Again, the last Presidential election was decided by a small margin and arguably at the last minute. Manipulation of public sentiment would not have to be terribly effective to change electoral outcomes, and it wouldn’t have to turn many voters to succeed, so we need not imagine armies of zombified partisans brainwashed into thoughtless compliance to see why there is a problem — just a few percent of the public tending and trending slightly differently than they would in the unforced situation of truly balanced media. And given any success at all, the candidates elected could plausibly (however slightly, at first) tend to be those likelier than otherwise to be friendly to policies that would facilitate — or at least not punish — manipulations of the self-same kind.
And manipulation of voter motivation has already been proven to work. In 2010, Facebook did a little experiment. It presented one body of users with information about the election with links to information about how to vote. It presented another body with the same information but which also showed pictures of contacts of the users who had clicked the “I Voted” button on Facebook. The pictures appear to have turned out an additional 340,000 voters — more than enough to be decisive in a hardfought election, and quite worrisome if applied with any political bias.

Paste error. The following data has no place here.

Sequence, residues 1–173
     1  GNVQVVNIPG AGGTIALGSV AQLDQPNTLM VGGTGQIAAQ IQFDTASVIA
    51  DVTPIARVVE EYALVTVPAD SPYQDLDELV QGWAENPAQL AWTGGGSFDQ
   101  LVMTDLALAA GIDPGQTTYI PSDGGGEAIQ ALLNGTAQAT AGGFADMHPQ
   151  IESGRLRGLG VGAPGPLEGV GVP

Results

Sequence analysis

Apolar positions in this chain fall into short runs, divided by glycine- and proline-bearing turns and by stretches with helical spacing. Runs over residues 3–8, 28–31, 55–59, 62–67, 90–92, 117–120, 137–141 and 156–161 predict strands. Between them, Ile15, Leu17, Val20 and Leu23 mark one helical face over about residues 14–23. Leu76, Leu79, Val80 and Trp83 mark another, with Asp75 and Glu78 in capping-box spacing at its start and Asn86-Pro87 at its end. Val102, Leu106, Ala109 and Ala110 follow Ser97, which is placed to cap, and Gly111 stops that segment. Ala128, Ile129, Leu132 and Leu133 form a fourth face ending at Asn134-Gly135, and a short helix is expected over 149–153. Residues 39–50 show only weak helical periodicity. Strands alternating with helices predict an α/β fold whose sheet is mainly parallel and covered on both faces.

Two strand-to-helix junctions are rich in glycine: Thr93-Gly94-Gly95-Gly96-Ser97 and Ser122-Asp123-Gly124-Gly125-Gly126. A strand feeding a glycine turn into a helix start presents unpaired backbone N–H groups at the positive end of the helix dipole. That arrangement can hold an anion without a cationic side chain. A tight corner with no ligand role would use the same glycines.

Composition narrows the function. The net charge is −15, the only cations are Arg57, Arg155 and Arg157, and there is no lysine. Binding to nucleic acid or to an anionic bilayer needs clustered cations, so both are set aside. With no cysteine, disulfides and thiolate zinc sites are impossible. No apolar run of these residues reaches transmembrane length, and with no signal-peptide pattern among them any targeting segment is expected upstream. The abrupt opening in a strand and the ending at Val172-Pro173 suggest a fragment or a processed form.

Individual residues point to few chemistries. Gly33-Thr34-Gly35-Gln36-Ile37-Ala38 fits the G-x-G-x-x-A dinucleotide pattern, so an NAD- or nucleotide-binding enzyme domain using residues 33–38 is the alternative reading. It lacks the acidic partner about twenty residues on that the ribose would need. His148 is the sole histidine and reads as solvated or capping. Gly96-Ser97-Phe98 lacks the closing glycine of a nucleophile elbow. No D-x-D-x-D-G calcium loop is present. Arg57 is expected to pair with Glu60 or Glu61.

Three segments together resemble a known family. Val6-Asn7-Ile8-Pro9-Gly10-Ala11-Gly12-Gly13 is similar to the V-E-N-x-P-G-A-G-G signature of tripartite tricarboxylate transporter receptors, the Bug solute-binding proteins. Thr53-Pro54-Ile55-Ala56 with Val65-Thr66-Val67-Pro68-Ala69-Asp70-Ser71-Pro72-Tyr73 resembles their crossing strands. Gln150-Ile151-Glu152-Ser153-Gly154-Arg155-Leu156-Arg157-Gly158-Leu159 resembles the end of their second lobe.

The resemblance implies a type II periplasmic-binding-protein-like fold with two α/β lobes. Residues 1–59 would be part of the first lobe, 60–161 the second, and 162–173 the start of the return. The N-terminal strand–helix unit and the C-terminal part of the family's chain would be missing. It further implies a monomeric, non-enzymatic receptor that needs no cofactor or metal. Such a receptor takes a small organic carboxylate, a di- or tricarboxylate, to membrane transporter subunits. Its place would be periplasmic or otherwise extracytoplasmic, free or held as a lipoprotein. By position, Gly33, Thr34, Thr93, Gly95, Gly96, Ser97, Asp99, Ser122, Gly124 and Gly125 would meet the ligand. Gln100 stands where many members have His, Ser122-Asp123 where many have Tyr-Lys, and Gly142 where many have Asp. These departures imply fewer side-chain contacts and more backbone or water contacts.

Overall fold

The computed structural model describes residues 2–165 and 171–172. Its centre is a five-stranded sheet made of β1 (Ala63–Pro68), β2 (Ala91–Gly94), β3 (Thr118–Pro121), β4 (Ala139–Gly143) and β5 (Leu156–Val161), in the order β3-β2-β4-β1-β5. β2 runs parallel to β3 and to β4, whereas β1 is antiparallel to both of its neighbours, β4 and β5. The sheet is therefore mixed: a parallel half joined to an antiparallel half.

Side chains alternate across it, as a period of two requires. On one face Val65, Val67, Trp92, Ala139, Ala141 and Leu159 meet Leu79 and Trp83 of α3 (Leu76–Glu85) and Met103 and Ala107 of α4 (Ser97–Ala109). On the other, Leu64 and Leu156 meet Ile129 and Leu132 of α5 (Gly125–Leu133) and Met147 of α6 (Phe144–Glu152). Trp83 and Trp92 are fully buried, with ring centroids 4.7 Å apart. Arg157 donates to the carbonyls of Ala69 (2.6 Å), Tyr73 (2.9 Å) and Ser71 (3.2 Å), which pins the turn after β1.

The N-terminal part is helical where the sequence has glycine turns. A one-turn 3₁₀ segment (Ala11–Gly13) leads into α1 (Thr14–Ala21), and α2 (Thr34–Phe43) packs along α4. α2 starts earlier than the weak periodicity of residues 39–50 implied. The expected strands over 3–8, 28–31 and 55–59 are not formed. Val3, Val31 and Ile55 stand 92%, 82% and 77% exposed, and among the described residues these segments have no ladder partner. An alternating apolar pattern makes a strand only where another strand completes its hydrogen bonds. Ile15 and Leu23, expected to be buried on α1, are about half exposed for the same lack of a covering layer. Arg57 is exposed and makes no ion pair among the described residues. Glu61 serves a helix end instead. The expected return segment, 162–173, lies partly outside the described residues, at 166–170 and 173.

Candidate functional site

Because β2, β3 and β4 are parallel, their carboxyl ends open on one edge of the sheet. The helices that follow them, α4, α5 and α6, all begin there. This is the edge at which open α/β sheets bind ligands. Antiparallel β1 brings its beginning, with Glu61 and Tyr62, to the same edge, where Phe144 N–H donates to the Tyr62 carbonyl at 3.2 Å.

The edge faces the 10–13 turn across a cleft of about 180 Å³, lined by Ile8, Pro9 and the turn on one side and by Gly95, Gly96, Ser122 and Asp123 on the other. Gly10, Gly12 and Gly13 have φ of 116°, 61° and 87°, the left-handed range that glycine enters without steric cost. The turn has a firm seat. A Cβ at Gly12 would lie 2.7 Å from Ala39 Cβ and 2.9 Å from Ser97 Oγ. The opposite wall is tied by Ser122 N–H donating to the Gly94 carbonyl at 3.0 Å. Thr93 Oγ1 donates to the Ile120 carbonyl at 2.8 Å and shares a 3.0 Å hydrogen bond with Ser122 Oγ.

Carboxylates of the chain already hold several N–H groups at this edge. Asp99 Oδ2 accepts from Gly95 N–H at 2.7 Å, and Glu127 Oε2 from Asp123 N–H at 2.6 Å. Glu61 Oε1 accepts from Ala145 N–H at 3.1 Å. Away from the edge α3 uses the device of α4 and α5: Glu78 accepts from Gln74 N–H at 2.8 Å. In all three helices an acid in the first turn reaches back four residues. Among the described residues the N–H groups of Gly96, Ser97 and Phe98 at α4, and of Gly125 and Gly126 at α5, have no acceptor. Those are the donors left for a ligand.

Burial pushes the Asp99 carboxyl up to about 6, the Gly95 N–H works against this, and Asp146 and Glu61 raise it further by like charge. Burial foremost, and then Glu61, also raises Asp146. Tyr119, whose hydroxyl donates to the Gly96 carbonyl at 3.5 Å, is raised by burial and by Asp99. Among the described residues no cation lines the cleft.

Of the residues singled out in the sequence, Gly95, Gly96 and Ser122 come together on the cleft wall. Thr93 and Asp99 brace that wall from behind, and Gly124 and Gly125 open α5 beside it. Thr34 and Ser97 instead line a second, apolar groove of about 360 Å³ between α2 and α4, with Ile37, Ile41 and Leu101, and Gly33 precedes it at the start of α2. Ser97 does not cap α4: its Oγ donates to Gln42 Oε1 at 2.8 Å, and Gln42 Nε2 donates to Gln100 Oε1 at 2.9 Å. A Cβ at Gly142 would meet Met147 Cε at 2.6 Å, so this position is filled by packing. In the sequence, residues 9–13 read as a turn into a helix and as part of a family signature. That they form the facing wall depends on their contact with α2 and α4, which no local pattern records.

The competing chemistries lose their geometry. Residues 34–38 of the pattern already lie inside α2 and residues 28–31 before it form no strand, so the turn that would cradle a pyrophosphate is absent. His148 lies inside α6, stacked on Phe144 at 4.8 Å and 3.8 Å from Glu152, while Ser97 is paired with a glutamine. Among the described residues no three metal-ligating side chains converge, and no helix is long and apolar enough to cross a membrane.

And given that the needed “push” might be so small, there wouldn’t necessarily be anything in particular to notice. After all, politics swings and then swings back; it would plausibly take several election cycles to prove any systematic bias in the process.
And we don’t even need to imagine a shadowy cabal meeting in smoke-filled rooms deliberately plotting to impose a fore-ordained orthodoxy on the public mind by deliberate propaganda out of malice aforethought (though that may be one of the scariest alternatives); it could just be that certain memes or politics — by pure chance — happen to be popular at the moment the technological momentum hands long-term control to whoever happens to have influence at that time, like a random allele going to fixation by genetic drift alone.